Need advice for upgrading ham radio antenna

This is a ham radio question. I am (still) a newbie ham, mainly interested in emergency preparedness. My radio equipment currently consists of two HT radios — the Yaesu FT-60R and the Baofeng BF-F8HP. I am looking to upgrade the rubber duck antennas that came with these radios. I was advised to get a folding, tactical SMA antenna (I don’t actually know what SMA means!) but there is a plethora of choices out there. What I’m looking for is something that will meaningfully extend the range, especially of the Baofeng, is inexpensive, can be folded into my BOB and doesn’t make the radio unbalanced when I hold it in my hand. Looking for recommendations.

P.S. am I correct that the Baofeng needs a female connector and the Yaesu a male connector?

P.P.S. Beyond the male and female issue, are the HT antennas universal? Or do I have to look specifically for something that’s made for the models of radio I have?


  • Comments (19)

    • 3

      Seconded!  I’ve got the Baofeng based on TP reviews.  Haven’t yet gotten my license.  

    • 3

      Hi, Jonnie. I think all HT (handy talkie, a generic term) radios use the same connectors and antennas. It’s good to have a variety of connectors. My goal with an HT radio is to reach the nearest couple of repeaters and to know what frequencies are likely to be in use. Preprogram the frequencies into the radio if you can. You might be able to hear what’s being said on a frequency even if your transmission isn’t strong enough to “hit” the repeater and be heard. 

      Regarding antennas, I think the first upgrade from what came with the radio could be something like a Diamond antenna SRH77CA. It’s about 15 and a half inches long. Next upgrade could be a “mag mount” (magnetically mounted) antenna to put on a car roof or on any flat metal surface.

      IMG_20210825_085052775For easy transportation in a backpack or BOB, I like this flexible antenna, which can be coiled and takes little space. It’s designed to hang from a tree or any other spot where you can suspend it. It can also be placed inside a PVC tube (used like a flag pole), and it’s not obvious that it’s an antenna. I’m not familiar with the folding tactical antenna you mentioned.

      It’s worth it to join ARRL (Amateur Radio Relay League). Then you can choose to receive “On the Air” magazine (great for people like us) or a magazine geared for more advanced people. There is digital content, not just print material.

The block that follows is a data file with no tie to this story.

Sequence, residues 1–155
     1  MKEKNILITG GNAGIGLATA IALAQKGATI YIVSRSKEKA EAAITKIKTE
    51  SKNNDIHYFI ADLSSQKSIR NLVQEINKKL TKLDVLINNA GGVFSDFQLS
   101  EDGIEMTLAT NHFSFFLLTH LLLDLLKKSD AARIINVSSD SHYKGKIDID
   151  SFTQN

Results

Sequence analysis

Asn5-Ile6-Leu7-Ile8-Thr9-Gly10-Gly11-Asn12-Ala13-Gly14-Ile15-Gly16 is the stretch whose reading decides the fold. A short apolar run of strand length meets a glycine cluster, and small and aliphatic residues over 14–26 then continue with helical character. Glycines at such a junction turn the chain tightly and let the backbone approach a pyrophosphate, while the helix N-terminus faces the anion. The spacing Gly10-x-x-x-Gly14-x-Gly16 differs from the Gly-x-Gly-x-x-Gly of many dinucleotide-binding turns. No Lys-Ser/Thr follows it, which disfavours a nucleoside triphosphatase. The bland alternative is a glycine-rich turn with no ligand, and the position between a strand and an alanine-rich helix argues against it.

Best regards to you.

      • 2

        Hi, Susan. What’s this antenna (the flexible coil) called? Where do I find it? The tactical antennas look like this: https://www.amazon.com/ABBREE-SMA-Female-Foldable-Tactical-Antenna/dp/B07RRPC8VQ/ref=sr_1_3?dchild=1&keywords=tactical%2Bsma%2Bantenna&qid=1629906534&sr=8-3&th=1

      • 3

        Hi, Jonnie. I bought it about five years ago from Ed Fong. He calls it dual band VHF UHF portable roll-up J-pole antenna, model DBJ-2. His website is edsantennas.weebly.com. He teaches at UC-Santa Cruz – Silicon Valley.

        I believe he sells antennas as a fundraiser for the radio club at his school. I think the club participants make the antennas. The website says he has sold over 30,000 antennas (not just this model) over the past 12 years.

      • 2

        You can find those rollup antennas on eBay. Ed Fong makes good antennas. I have the N9TAX antenna. I think they’re about the same. I personally find the roll-ups more trouble than they’re worth, but they’re so small and light that you might as well carry one in your pack.

    • 2

      I should clarify that I have not used a Baofeng, so I can’t speak to its connectors vs. other HT’s.

    • 3

      SMA is simply the connector type. I got the “sex” confused originally in this post. The “sex” you want is based on the antenna, not the radio connector. The BaoFeng has an “outie” so you want a SMA-F antenna or adapter. The Yaesu has an “innie” so you want a SMA-M antenna or adapter. Unfortunately, this means you can swap antennas between the BaoFeng and Yaesu.

      I have one of those big folding ABBREE tactical antennas. They work well, but they are extremely awkward. Plus, the SMA connector is kind of fragile the big antenna puts a lot of strain on it.

      I’ve been looking at the SignalStick antennas, which are highly regarded and flexible. What a lot of hams do is attach a BNC adapter to their SMA radio, because it makes it easy to swap antennas. BNC antennas twist on and off while you have to screw SMA antennas on and off. In fact, I’m going to email Richard at SignalStuff to see exactly what I need to do that. They make a special spacer just for the FT-60R, so I guess I’d need that as well.